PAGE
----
Tomgram: Pratap Chatterjee, Inheriting Halliburton’s Army

February 19, 2009
Tomgram: Pratap Chatterjee, Inheriting Halliburton’s Army

The name search took a year, while the company became persona non grata in Iraq, but now it’s a reality. The notorious Blackwater Worldwide has officially rebranded itself Xe. According to a company memo, “Xe will be a one-stop shopping source for world class services in the fields of security, stability, aviation, training and logistics.”

It’s pronounced “Zee,” by the way, and it’s also, oddly enough, the symbol for Xenon, a colorless, odorless noble gas found in trace amounts in the Earth’s atmosphere. If only Blackwater and its ilk in the hire-a-gun private security business were found, under whatever names, in mere trace amounts in American foreign and military policy. But no such luck.

In the last eight years, many of the tasks formerly associated with the U.S. military have been privatized and outsourced in a wholesale way — from guard duty for U.S. diplomats to peeling potatoes and delivering the mail, not to speak of building and maintaining the U.S. bases that now dot the Middle East and Afghanistan. Without its private crony corporations, the Pentagon might, in fact, be on something like life support.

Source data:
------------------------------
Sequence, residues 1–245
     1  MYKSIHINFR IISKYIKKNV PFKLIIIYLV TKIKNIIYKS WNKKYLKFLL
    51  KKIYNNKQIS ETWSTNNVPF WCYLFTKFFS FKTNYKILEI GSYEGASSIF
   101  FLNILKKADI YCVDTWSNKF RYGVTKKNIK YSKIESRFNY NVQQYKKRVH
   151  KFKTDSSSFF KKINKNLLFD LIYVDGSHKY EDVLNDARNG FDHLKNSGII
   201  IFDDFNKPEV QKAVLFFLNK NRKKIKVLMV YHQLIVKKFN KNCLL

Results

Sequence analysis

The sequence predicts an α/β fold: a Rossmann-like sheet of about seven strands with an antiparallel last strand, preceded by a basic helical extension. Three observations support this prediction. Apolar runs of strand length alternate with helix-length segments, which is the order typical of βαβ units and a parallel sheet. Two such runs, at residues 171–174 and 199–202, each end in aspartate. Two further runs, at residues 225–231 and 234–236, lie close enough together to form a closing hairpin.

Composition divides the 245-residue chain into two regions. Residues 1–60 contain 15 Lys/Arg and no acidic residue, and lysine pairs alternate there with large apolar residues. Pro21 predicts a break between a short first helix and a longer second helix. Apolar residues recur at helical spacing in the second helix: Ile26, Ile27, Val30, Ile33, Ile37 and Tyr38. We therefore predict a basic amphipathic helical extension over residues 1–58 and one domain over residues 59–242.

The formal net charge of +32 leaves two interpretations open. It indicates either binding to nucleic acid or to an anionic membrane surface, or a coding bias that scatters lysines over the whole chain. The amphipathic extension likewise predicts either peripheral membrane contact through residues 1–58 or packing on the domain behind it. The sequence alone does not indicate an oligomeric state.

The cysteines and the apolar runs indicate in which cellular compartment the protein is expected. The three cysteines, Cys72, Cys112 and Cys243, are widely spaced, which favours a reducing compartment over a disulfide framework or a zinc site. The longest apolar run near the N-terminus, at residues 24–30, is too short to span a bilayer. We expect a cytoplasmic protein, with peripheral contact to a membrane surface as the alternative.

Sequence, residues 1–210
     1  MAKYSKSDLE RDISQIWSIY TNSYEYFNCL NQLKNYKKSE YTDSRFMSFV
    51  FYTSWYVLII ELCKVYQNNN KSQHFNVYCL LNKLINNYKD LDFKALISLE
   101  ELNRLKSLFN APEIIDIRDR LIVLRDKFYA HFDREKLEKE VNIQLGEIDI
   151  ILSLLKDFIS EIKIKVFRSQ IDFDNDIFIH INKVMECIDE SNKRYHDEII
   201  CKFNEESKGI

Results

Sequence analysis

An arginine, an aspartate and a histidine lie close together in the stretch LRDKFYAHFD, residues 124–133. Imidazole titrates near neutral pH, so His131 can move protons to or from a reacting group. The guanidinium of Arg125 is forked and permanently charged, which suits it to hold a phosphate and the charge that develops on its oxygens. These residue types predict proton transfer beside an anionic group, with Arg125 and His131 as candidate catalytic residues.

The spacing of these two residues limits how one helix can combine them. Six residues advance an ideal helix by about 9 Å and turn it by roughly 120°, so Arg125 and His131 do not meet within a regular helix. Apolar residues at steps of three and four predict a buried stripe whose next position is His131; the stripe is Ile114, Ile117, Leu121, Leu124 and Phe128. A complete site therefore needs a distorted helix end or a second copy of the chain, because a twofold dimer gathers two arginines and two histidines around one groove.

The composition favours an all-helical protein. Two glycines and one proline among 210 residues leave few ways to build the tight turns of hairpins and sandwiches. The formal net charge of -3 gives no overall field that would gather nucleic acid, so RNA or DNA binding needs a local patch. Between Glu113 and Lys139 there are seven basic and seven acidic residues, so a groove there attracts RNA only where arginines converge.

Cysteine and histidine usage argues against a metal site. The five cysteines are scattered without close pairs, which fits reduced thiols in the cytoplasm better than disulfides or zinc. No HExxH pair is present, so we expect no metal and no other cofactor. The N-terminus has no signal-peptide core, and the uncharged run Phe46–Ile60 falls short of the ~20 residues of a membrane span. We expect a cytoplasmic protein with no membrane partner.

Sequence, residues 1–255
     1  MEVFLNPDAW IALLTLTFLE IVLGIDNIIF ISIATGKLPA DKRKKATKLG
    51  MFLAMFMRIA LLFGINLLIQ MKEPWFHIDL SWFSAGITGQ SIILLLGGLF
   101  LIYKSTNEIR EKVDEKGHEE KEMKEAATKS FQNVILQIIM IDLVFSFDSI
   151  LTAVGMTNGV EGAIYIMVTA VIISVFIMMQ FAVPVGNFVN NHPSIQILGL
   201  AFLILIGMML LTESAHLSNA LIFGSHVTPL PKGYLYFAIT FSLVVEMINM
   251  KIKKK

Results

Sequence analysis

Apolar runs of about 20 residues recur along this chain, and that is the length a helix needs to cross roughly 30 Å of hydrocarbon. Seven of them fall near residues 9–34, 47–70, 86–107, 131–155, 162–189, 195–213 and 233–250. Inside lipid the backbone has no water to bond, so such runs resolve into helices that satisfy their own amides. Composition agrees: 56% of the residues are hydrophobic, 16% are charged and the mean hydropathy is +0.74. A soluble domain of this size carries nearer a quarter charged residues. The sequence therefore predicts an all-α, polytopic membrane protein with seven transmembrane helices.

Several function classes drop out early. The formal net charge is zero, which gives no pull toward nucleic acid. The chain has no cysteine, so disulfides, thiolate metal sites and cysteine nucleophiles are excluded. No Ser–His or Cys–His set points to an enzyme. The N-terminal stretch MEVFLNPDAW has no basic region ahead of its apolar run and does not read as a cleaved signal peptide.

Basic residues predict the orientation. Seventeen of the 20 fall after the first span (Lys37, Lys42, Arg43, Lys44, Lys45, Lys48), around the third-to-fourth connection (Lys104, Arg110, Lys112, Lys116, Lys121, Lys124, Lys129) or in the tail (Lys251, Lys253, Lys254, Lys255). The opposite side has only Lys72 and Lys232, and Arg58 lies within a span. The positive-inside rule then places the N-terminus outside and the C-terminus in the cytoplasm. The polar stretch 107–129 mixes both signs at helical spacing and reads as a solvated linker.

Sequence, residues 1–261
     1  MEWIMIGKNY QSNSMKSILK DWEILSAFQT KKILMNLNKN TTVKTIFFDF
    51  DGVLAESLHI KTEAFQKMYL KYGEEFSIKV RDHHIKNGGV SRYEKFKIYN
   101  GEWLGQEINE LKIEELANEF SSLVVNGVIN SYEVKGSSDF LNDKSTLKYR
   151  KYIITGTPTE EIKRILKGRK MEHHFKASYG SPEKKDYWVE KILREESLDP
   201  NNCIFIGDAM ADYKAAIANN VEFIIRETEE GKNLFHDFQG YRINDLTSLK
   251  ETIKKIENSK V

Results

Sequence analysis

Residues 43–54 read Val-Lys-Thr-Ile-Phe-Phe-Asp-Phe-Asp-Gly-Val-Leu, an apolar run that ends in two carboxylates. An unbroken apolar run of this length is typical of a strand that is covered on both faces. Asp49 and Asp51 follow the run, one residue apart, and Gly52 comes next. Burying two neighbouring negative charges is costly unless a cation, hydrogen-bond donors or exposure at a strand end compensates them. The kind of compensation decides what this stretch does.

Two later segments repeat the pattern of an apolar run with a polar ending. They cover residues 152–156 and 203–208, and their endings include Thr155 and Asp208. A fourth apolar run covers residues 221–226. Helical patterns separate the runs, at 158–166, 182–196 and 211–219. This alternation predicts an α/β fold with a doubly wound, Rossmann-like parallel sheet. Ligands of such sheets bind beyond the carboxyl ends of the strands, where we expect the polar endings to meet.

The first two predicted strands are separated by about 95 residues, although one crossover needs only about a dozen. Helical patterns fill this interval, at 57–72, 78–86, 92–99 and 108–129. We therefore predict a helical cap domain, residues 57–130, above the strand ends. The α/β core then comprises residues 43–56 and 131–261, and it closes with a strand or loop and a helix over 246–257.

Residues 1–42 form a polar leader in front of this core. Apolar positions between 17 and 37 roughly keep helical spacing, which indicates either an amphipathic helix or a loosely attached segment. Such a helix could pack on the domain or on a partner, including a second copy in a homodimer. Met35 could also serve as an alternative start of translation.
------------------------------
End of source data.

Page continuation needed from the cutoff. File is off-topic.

Maybe, in the end, Blackwater, under pressure from the Iraqi government, can be separated from U.S. operations in Iraq, but — it’s a guarantee — some similarly outfitted private contractor will simply fill in. This is one of the more entrenched legacies Barack Obama has inherited from the Bush years. It doesn’t matter whether you’re talking about those security firms or KBR, the former Halliburton subsidiary that does just about everything the U.S. military needs to survive but actually fight, separating them from the Pentagon would involve an almost inconceivable set of operations at this point.

No one has done more striking work on this question than the managing editor of the website Corpwatch, Pratap Chatterjee, who has traveled the world, visiting U.S. bases and spending time with KBR’s employees (who make up a hidden “U.S. Army” in Iraq and Afghanistan), just to see how the largest of these crony corporations actually functions. Now he’s written a remarkable new book, Halliburton’s Army: How A Well-Connected Texas Oil Company Revolutionized the Way America Makes War, on just how it all works, up close and personal.

If only his book were history. Unfortunately, it’s evidently going to be our military future, as well as our past, as long as the American “mission” in the world isn’t downsized. So don’t miss either Chatterjee’s book or his report on KBR below, including “Welcome to McArmy!,” a special feature on the food KBR serves at one base in Iraq. It follows the main piece below. While you’re at it, catch a TomDispatch audio interview in which Chatterjee discusses KBR World by clicking here. Tom

The Military’s Expanding Waistline
What Will Obama Do With KBR?
By Pratap Chatterjee

President Obama will almost certainly touch down in Baghdad and Kabul in Air Force One sometime in the coming year to meet his counterparts in Iraq and Afghanistan, and he will just as certainly pay a visit to a U.S. military base or two. Should he stay for breakfast, lunch, dinner, or midnight chow with the troops, he will no less certainly choose from a menu prepared by migrant Asian workers under contract to Houston-based KBR, the former subsidiary of Halliburton.

Click here to read more of this dispatch.

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